Two couples, one
black, one white, flee their suburban pressures and re-connect with
camping in Cherokee, North Carolina. But their lives are upended when a
mysteriously vanishes, and the others are visited by a charismatic
local who just might help them live off the grid forever…
latest comedy—a companion piece to last season’s hit, Detroit—pushes a
group of middle class characters to their emotional limits. Who has an
“authentic” relationship to the land? Can we escape the trappings of
comfort and technology to forge a healthier civilization?
Fading into the woods with D’Amour’s
Review By Nelson Pressley, Washington Post, 2/16/15
crumbled to bits in Lisa D’Amour’s “Detroit,” the Pulitzer
finalist about two struggling couples. Suburban routine gave way to
alarmingly primitive impulses that Woolly Mammoth Theatre Company
played last season with howl-at-the-sky abandon.
back-to-nature companion piece “Cherokee” upends things
more pensively, even perplexingly. Again, we track two couples losing
their fundamental connections to society. This time it’s a comfortable
foursome from Houston getting away from it all on Native American land
in North Carolina, grinning middle-class people overdressed for
“roughing it” in high-end gear from REI.
where “Detroit” blew up with a force you couldn’t ignore, the
mysterious “Cherokee” is an understated invitation you can take or
leave. The conundrum that D’Amour cooks up is tantalizing, and it’s
staged with woodsy serenity at Woolly by “Detroit” director John
Vreeke. But the coolly written play is so coy that key details seem to
evaporate before you can take them in.
Then again, disappearance is what it’s all about. The Houston foursome
is white couple John (Paul Morella) and Janine (Jennifer Mendenhall),
and black couple Mike (Thomas W. Jones II) and Traci (Erica Chamblee).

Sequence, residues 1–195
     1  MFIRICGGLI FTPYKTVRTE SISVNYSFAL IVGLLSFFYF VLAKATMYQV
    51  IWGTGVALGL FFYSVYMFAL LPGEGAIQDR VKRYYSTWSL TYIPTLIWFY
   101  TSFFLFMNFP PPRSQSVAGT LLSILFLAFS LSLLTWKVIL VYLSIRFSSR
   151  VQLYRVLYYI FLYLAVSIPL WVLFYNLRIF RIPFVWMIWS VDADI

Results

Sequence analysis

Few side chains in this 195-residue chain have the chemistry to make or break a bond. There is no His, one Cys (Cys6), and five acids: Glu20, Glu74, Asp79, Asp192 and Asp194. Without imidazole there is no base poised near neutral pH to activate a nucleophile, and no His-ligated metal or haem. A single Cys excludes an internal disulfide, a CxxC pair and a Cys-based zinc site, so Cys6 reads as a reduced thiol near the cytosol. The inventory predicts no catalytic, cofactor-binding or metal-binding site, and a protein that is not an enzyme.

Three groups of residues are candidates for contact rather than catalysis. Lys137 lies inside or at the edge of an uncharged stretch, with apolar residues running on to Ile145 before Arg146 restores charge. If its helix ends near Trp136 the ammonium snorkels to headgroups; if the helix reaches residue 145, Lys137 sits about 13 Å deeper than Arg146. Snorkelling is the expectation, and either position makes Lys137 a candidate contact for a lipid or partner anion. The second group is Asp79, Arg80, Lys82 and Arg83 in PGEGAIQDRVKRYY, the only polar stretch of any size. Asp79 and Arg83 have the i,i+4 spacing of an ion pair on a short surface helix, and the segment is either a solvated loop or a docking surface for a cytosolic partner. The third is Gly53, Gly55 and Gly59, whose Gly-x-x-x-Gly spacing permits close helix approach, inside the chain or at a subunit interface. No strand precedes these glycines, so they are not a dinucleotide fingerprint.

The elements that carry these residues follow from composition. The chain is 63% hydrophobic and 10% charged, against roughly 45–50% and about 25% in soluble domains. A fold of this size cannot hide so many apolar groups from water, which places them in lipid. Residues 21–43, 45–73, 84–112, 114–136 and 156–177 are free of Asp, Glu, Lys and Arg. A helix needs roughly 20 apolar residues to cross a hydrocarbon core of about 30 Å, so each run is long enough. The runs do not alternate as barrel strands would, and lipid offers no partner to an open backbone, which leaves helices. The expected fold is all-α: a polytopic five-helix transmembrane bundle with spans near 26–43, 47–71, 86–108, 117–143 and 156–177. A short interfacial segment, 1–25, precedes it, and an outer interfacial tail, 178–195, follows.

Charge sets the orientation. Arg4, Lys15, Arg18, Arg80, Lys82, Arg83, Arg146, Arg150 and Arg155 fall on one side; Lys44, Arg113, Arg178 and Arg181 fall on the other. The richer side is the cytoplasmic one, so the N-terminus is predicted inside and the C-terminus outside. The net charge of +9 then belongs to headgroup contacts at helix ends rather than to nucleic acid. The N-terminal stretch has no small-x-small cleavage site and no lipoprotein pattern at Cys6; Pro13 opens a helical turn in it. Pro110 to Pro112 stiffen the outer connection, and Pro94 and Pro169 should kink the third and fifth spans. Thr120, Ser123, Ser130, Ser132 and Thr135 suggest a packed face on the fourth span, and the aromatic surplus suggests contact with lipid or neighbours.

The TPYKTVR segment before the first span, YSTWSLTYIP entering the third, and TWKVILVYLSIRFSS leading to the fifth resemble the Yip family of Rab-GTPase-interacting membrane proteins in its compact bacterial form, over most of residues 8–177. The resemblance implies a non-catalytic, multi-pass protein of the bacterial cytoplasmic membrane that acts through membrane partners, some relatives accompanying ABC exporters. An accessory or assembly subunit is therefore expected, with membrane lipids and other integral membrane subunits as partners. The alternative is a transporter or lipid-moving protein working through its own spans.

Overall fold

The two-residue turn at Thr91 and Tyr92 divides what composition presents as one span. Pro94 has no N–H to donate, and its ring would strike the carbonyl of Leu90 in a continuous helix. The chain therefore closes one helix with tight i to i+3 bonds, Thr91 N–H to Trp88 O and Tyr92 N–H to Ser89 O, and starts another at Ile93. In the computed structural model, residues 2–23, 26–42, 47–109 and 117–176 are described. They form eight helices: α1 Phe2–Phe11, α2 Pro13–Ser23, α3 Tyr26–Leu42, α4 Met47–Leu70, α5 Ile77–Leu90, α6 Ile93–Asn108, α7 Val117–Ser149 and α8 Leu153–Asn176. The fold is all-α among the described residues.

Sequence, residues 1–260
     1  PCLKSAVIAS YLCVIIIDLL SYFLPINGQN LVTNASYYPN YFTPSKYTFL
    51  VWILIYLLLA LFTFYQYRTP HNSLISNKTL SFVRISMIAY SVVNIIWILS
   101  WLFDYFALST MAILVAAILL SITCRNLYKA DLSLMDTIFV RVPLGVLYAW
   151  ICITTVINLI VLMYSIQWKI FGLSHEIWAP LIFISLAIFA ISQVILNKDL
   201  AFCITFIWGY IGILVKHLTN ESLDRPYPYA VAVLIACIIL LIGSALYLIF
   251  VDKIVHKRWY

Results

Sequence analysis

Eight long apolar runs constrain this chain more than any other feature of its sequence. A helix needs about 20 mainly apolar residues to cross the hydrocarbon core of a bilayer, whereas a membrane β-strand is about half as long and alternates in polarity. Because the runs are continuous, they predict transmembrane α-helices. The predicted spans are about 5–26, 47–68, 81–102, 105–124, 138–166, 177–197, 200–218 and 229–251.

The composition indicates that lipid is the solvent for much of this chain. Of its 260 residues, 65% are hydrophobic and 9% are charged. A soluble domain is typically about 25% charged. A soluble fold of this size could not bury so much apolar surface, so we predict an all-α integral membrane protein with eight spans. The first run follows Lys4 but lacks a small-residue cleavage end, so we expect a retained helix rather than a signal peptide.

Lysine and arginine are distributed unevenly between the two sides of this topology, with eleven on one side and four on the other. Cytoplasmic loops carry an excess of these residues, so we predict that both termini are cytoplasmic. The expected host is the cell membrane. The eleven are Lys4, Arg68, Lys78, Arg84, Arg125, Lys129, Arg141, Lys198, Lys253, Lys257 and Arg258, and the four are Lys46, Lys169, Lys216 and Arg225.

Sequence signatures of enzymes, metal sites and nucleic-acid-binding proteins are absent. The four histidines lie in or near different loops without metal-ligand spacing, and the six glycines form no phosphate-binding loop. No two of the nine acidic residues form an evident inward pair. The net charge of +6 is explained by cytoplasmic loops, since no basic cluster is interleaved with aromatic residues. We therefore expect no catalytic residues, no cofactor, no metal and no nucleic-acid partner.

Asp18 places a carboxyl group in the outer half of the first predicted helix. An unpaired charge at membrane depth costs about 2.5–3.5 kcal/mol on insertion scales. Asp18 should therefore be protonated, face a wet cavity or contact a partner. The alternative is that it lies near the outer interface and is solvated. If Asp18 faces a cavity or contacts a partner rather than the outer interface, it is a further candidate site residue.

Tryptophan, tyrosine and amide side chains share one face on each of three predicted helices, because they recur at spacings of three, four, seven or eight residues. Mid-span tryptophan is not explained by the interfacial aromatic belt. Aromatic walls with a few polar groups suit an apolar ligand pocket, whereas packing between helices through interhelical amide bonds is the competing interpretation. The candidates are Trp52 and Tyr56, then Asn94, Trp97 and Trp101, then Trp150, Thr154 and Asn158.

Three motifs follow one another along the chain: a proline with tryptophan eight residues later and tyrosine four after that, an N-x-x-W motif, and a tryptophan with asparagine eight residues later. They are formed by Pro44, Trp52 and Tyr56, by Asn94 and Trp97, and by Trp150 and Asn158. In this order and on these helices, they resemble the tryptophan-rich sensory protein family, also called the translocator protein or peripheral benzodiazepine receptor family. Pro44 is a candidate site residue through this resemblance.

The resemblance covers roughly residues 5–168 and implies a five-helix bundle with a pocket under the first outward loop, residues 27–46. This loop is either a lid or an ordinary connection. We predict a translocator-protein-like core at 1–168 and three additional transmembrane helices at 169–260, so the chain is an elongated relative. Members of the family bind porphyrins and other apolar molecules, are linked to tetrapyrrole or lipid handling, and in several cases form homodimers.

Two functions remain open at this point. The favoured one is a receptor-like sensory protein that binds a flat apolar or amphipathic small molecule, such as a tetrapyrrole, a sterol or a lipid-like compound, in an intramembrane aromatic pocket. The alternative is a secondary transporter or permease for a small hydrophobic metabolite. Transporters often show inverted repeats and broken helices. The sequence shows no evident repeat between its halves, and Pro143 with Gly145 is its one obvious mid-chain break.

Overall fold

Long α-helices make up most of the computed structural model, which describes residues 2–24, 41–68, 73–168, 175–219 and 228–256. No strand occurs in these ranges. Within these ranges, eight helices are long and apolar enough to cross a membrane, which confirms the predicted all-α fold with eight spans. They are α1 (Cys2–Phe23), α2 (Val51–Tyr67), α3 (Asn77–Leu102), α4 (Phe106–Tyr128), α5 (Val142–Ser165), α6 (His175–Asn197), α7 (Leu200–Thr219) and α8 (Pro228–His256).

John is a tightly wound oil exec. Mike is his longtime buddy. John and
Janine have children; the children stayed home. Mike and Traci are
trying to conceive; amusingly, we hear them at it in the tent.
And then Mike, the
one most unnerved by every chirp and
snapped twig in the woods, vanishes. The search is on, kind of, and if
you want to nitpick with the script, the group’s lack of urgency over
this missing person is one place you could start. Helping, sort of, is
Josh (Jason Grasl), a member of the Cherokee tribe that runs the big
local casino and that offers outdoor performances of a historical
drama. (“Unto These Hills” is the show staged during the warm months in
the real Cherokee, N.C., where there’s also a Harrah’s casino.)
easygoing production attractively seduces you toward a wilderness
state of mind. Daniel Ettinger’s set features stylized woods that soar
to the highest reaches of Woolly’s ample stage, with shadowy nighttime
lighting by Colin K. Bills and outdoorsy sound from Palmer Hefferan.
The acting in this environment is appropriately wide-eyed and mystical
as nature infects these suburbanites with such rapture that they
seriously talk about never going back.
and Mendenhall nicely capture the intoxication of a
chuck-it-all freedom (an idea that was chug-a-lugged in “Detroit”) as
John and Janine reconnect with what they think are their purer selves.
The other characters are more complicated, and the performances are
necessarily slippery. Chamblee remains a kindly blank slate as Traci,
who isn’t as traumatized by the calamity of Mike’s disappearance as we
might expect. Jones’s normal-guy Mike and Grasl’s sage Josh are also
deliberately blurry, though for different reasons — and it would spoil
the twists in the plot to say why.
isn’t giving away too much to reveal the hot-button issue pushed by
D’Amour’s first act cliffhanger. It’s identity, with these varied
characters wrestling with all kinds of history — personal, cultural,
national. Setting the play in a place like Cherokee, a tourist trap
built on the 19th-century Trail of Tears, coaxes you to try to connect
these dots, especially as “code switching,” or toggling between
linguistic styles, steps forward as a theme.
is not a fixed state,” one character insists as the
increasingly peculiar group argues whether they can live together in
this potential utopia, and as they bicker about who has been true or
false to whom.
as the themes are, they’re generating an oddly light puzzle
of a play. D’Amour was better known as an experimentalist before
“Detroit” brought her mainstream acclaim, and “Cherokee” is in a
quirkier key. The drama murmurs provocative questions but spins away
from clear answers in its nowhere world.
Woolly production features what looks like live action projections
of the characters in the mountains and in the food halls, and their
bodies slowly fade and dissolve on the screen. At first the video seems
like a distraction, but it turns out to be awfully close to the heart
of the play. There’s a revolution going on; it’s just low-key and